To gain their skills and passion, agriculture needs to tear down the barriers that stand in their way
There is a gaping hole in agriculture that needs filling with young, vibrant souls.
It is not only for farming, but for all linkages in the food chain. There are 60,000 to 124,000 jobs that need filling. We need women to farm, process, market, advance, innovate, research, manage and create in the food space.
What is a farmer?
Borrowing from food advocate Danielle Nierenberg, farmers are more than food producers. They are the nutritional gatekeepers of the world. They fight on the front line of climate change. They play a multitude of roles in our society and in business. They are the protectors of biodiversity and the globe’s largest group of innovators and entrepreneurs.
Even as farmers nourish agro-ecological practices and promote soil health, they are often cast as the enemy of the environment: producers of methane and fake food, elite industrial capitalists who have no sense of struggle, environmentalism, or animal welfare. Or they are portrayed as workboot bumpkins who only get off the combine long enough to stand in line for a handout.
How do we address the layers of misconception and at the same time bring agriculture to life as a desired way of living for women and girls?
First we must ask: How do we see ourselves?
As farmers, do we understand the depth of our contribution to society? Are we casting a wide enough net in environmental practice, soil health, innovation, and animal welfare to attract the attention of those outside of our space? Are we great business persons who have financial literacy and are investing back into our communities?
If not, then the tarnished reputation might be earned. If so, then let us tell the world.
Leadership takes on many forms.
Fellow farmer and Nuffield Scholar Carla Mayara Borges shared her data on women in leadership roles in Brazil. As a member of the massive organization Women in Agribusiness, I was curious as to what she had to say. In its most recent survey 61 per cent of women said they had no problem taking leadership roles, but 9.4 per cent said their leadership was not taken seriously. Although nearly 70 per cent of the respondents either owned a farm outright, had shares or executive positions in the farm, nearly half of them lived off the farm.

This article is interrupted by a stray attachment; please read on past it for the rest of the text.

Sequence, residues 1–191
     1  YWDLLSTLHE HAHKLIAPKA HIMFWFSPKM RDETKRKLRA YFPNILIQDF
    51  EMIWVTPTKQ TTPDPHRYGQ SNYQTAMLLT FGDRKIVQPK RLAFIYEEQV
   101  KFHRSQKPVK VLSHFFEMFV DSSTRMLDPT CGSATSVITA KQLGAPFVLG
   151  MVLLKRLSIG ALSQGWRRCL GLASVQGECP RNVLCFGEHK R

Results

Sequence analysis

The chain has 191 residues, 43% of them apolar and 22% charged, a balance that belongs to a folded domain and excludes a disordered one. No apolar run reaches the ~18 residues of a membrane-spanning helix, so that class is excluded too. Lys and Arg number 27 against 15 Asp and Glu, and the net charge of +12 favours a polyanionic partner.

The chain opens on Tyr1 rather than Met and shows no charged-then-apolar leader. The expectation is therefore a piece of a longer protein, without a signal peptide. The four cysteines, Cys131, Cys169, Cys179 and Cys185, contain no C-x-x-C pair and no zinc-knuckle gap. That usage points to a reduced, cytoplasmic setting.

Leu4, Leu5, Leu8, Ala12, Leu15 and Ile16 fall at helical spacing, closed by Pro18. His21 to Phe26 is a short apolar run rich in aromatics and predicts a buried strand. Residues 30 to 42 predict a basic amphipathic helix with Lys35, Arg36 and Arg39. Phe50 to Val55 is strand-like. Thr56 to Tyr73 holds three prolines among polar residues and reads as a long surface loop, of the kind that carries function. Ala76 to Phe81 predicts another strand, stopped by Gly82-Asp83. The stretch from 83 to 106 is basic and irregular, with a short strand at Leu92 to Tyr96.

This is something I experienced in Argentina as well. Managing food production does not mean having to live in the middle of it.
As for being an attraction, 36.2 per cent of the women said they like being on the farm, but only 10.7 per cent saw it as a job opportunity.
That brings us back to the beginning. Why not?
Checking in with farm women in India where 75 to 85 per cent of the farm labour is done by women, they feel tired and that their jobs in agriculture are ‘thankless’ and that they ‘have little choice.’ They are not alone in the tired department and women seek balance in life to attend to their families.
Are we burning our women out before we can nurture their gifts? Are we taking their boundaries seriously?
As a young woman, I worked extraordinarily long hours for the family farm, missing many firsts of my children — first steps, first date, and the like. I was strong and capable, but I did not get that time back. Younger women are looking for ways to be in agribusiness that allows for them to be nurturing moms and community builders as well. Just as South American women have chosen to live off the farm and own or manage it, Canadian women should have broader options for engagement in agribusiness.
In Canada and around the world in the food-processing lines (with the exception of red meat), the majority of field, factory, and processor workers are women. They stand in freezing cold sorting lettuce or slicing chicken for 12 hours a day while a male supervisor walks around behind them. They cannot chat because of the noise. They cannot move around because of the speed of the line.
Yet even on the production floor, a workforce with decent breaks and exercise is more productive. I have seen this in New Zealand at a Kiwi co-operative. The nearly 100 per cent female workforce had a large coffee area, exercise rooms, and were helped to find homes, childcare and transportation. Management asked what they needed and then responded. A trusted workforce and a broader community were built.
Giant job search site Monster does an amazing piece on the exciting opportunities in agriculture, treating it with healthy respect as a profession. Perhaps what agriculture needs to recognize is that the days of the ‘hired man/woman’ and ‘farm/factory labourer’ are over. And that we need to engage at a level that builds a sense of community and belonging, empowering folks to their fullest potential with new models of learning and doing.
In that way we all — urban and rural — become advocates for agriculture. I surmise that only then will women be tempted to fill the estimated 60,000 to 124,000 spots in Canadian agriculture.
Brenda Schoepp: albertafarmexpress.ca